If you are a regular visitor to this site, you know that the atmosphere is very open.  There’s a glossary literally giving real definitions of race and even discussion surrounding the terms and why they are important.   What I’ve come to notice is that people really aren’t interested in the biological factors and definitions.   If solving our issues were as easy as teaching someone terms we would no longer have a problem.  People want to know about the everyday interactions  with family, relationships, friends, co-workers and etc.  But why should people who aren’t racially “black or African-American” care about this incident?  Why would people who are racially “black or African-American” care?   Part of the reason there’s a misunderstanding about “why” is that “mainstream media” does an absolutely poor job of covering the depth and complexities of racism.  There’s race, ethnicity, culture, colorism and an eternity of other variables.   Most of the time the only incidents that you hear about is when someone who is famous is “intentionally racist.”  The fact that there is structural and institutional racism that is the very thread of America is often ignored.   There is a systematic approach to covering what “seems” to be important rather than what we should actually be paying attention to.   I’ll bet that no one has turned on the news and heard terms like, “structural racism or institutional racism.”  Often you’re only going to hear individual occurences of “racial profiling or voter suppression and other personal prejudices.  There’s this term “minority” that everyone who is “non-white” has heard to describe themselves.  It seems to just toss all the crabs into a bucket except for the “blue” ones.

This individual occurrence, although it’s one of many very unique incidents that happen everyday, allows the world to actually take a look at structural and institutional racism.  Individual groups with specific collective interests can then decide how Court rulings will affect them.   We need that collectivism.  Because this incident has garnered international attention, it’s hard to ignore that there will be lingering conversations and opportunities to focus on the root causes of racism.  It effects everyone differently but there are effects.  For the people who check “other” as their race, it could be a very unique affect, but it’s almost guaranteed to reach you on a personal level because more than likely you could be “non-white” exclusively.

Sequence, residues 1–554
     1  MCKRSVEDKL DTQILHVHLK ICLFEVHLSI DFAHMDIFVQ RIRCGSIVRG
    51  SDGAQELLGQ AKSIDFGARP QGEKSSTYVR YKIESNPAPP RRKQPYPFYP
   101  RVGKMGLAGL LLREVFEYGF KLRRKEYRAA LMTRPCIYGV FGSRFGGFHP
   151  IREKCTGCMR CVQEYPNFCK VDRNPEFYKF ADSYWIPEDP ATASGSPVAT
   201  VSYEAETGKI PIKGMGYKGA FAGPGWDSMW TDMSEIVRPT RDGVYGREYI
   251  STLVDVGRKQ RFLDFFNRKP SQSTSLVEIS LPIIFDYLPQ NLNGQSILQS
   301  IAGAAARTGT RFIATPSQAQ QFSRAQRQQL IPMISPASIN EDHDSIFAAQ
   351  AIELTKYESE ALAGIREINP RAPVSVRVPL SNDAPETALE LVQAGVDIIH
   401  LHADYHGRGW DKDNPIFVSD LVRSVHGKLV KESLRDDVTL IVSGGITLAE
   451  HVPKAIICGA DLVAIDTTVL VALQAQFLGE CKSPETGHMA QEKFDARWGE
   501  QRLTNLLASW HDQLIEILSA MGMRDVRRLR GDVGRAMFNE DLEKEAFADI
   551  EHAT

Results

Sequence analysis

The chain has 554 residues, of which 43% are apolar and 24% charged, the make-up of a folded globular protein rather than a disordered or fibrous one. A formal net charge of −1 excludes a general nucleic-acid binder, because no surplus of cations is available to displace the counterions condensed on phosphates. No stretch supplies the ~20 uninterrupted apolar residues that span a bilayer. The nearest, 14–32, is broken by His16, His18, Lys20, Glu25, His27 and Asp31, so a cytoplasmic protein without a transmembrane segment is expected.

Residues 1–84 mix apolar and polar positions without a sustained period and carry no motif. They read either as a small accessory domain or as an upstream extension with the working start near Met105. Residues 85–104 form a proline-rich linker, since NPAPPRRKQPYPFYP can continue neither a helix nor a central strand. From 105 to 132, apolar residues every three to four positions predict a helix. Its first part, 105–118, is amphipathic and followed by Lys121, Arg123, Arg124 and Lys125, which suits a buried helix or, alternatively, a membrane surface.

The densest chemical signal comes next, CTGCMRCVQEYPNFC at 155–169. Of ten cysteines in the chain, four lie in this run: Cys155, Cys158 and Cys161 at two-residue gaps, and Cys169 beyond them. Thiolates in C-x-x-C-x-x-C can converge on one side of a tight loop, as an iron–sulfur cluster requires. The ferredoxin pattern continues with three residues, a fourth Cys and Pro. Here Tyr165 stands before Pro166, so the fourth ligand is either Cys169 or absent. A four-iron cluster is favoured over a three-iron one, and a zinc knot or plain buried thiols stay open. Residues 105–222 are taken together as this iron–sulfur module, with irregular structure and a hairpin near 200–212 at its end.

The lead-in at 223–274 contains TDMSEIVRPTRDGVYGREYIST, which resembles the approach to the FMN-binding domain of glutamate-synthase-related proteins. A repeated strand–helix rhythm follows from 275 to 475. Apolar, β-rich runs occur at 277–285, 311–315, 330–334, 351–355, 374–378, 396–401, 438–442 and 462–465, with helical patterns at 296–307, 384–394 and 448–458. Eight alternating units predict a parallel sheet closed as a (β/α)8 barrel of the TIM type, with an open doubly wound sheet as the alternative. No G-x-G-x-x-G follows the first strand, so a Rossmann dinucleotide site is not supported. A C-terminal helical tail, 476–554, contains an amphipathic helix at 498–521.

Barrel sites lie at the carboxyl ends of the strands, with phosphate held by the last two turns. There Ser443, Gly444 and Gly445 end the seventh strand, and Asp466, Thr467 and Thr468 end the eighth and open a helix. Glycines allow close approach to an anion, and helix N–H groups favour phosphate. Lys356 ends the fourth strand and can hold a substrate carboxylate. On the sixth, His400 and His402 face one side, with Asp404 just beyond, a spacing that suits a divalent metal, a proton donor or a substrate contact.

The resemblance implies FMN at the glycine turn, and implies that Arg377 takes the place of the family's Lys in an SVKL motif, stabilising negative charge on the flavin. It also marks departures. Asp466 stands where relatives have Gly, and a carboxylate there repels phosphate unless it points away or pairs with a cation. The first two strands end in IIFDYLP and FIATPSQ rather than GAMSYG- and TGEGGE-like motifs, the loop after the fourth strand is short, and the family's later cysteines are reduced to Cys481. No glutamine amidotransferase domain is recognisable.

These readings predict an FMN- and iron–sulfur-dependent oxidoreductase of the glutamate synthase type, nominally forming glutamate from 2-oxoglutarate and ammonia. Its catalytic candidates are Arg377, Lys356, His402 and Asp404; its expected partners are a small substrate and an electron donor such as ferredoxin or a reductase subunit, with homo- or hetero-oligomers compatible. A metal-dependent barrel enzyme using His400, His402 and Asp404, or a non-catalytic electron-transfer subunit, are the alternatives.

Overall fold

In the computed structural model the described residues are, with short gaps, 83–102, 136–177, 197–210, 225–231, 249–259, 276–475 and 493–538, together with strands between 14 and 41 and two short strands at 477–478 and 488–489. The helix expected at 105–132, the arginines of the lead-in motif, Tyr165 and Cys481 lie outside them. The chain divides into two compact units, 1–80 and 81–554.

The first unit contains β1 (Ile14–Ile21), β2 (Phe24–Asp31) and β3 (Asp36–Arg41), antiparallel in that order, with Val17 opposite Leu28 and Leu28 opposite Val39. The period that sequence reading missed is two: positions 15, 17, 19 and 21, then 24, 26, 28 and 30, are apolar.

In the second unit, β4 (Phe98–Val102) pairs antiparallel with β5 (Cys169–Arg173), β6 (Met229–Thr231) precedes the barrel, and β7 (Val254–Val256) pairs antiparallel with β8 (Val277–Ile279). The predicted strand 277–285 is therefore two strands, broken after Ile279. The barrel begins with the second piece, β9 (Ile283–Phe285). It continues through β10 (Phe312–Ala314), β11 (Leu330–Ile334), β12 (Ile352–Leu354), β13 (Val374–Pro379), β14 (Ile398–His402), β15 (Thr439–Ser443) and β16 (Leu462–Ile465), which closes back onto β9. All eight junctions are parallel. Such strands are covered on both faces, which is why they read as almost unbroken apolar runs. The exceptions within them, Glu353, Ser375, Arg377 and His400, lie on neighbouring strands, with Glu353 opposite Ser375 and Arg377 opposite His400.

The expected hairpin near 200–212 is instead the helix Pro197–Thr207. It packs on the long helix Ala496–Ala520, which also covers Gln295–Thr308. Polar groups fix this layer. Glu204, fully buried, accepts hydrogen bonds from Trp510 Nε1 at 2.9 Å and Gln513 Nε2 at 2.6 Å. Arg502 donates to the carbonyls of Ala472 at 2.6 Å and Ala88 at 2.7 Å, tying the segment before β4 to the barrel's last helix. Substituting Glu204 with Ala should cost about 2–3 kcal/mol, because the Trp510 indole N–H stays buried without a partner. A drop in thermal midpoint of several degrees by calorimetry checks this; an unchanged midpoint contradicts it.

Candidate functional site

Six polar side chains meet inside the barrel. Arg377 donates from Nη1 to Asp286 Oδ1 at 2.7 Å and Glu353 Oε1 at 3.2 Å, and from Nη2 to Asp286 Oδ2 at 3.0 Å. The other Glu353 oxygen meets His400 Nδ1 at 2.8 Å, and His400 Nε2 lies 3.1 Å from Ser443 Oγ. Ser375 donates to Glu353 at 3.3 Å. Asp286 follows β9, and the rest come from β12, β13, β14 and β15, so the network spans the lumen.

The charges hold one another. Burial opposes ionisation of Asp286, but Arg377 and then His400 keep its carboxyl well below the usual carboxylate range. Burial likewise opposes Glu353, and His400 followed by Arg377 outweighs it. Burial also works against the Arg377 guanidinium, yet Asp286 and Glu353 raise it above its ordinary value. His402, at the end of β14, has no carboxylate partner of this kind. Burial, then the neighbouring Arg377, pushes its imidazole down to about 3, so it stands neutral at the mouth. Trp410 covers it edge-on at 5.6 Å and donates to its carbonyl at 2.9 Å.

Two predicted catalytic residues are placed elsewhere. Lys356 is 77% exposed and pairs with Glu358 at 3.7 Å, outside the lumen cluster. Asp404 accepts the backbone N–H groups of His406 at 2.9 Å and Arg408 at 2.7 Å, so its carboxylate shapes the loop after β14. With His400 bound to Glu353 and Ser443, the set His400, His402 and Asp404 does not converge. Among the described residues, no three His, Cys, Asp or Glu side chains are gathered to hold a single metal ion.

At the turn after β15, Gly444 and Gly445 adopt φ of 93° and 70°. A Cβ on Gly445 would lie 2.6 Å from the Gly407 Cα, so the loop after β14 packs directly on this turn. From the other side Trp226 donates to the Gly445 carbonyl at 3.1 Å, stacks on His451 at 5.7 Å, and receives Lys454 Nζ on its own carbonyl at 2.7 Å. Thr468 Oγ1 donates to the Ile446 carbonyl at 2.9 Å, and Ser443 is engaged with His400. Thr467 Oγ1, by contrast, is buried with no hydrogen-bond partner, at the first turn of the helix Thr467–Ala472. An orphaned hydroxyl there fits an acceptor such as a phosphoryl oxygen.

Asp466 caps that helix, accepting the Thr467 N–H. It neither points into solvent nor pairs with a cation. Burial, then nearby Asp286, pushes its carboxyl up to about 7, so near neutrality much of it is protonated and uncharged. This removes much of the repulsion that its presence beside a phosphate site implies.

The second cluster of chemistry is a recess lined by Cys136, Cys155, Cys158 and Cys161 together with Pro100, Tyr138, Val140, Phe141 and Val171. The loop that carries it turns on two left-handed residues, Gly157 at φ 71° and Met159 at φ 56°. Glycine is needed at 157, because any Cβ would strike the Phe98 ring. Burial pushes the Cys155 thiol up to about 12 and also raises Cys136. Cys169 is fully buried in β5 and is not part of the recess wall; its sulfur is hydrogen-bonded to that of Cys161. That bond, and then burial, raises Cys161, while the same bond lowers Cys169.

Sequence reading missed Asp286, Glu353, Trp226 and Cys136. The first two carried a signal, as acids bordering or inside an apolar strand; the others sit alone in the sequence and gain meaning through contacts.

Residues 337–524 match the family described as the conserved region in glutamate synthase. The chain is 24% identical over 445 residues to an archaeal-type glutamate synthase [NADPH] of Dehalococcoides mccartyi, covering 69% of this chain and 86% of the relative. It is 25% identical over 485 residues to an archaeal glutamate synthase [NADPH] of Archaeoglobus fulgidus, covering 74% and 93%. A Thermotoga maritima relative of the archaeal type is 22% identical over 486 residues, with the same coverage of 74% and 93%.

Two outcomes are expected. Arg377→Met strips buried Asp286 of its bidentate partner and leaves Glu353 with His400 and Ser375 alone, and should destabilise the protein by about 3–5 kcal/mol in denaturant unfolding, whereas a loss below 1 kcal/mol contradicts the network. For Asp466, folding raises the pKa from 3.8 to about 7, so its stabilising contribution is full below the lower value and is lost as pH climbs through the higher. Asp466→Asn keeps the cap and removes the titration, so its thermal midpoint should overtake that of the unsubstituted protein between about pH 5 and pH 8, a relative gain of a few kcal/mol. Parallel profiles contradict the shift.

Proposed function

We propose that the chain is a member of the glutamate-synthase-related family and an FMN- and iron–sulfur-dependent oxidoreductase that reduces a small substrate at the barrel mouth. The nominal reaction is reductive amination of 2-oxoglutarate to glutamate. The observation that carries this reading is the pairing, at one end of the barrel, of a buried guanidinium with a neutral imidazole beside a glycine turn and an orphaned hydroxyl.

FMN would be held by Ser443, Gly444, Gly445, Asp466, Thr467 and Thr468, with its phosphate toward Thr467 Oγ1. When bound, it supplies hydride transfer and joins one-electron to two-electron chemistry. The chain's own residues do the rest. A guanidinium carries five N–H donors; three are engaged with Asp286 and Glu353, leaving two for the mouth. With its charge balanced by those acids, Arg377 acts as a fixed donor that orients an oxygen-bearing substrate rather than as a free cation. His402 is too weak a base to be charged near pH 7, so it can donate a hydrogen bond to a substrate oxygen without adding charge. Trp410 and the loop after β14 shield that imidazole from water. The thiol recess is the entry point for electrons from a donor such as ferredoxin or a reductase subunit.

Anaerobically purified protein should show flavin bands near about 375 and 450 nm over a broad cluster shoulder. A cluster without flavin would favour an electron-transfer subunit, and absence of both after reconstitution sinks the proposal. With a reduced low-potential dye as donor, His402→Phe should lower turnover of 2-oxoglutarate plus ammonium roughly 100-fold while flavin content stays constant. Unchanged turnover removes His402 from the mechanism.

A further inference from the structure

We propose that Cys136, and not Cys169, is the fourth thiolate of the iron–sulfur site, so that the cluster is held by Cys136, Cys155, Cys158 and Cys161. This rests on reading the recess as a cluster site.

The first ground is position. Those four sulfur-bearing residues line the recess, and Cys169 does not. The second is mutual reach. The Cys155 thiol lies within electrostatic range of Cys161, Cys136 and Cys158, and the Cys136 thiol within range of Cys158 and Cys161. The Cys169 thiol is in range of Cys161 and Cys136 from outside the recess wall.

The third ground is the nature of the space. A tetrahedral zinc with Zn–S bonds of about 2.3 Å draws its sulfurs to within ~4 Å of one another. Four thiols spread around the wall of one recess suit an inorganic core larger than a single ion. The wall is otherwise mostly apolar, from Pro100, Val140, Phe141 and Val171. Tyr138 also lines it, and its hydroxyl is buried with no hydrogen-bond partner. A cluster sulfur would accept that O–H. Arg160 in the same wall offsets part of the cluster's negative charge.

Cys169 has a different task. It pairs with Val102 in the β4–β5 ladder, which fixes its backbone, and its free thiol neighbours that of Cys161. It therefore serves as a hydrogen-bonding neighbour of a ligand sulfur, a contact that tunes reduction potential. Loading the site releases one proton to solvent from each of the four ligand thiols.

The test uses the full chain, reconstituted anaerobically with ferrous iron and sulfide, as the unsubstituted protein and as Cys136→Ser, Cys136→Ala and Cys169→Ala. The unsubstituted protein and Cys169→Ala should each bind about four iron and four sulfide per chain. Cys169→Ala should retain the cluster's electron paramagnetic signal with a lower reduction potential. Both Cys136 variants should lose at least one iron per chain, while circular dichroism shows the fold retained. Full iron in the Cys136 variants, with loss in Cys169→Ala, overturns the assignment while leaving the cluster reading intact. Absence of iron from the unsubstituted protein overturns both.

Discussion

As this project grows and more collaborations are made I hope to shed a unique light so that we can see where and how the faces of particular demographics are represented.

Please take a look and listen to the narrative from a reliable source that is representative of your values.   I’m certain you’ll find that the narrative if reliable will illustrate that structural and institutional racism is far-reaching.

XOXO,

MarjorieIam

 

 

 

The North Carolina History Project

The Civil Rights Movement was an effort, among many things, to overturn segregation, commonly known as Jim Crow legislation.  Throughout the Jim Crow South (1890-1960), state laws required blacks and whites to use separate facilities, attend different schools, sit in different places in theaters and buses, and even to be buried in different areas in cemeteries—to draw only four illustrations from various cases.  As early as the 1930s, African Americans protested these laws.  In Greensboro, black ministers boycotted the War Memorial Auditorium’s opening, and young people there started a theater boycott.  Lumberton youth marched to protest a lack of educational opportunities.  Meanwhile during the twentieth century, municipality leaders, including Charlotteans, used local ordinances to create residential segregation.

The Civil Rights Movement, as it commonly known, began in the 1950s.  In 1954, the U.S. Supreme Court issued its Brown decision, and schools were ordered to desegregate.  For some time North Carolina avoided compliance, with various creative ideas such as the Pearsall Plan.  Meanwhile in the 1950s, North Carolina blacks started what would become known as sit –ins.  In 1957 seven blacks, for example, demanded service in the white section of a Durham ice cream parlor.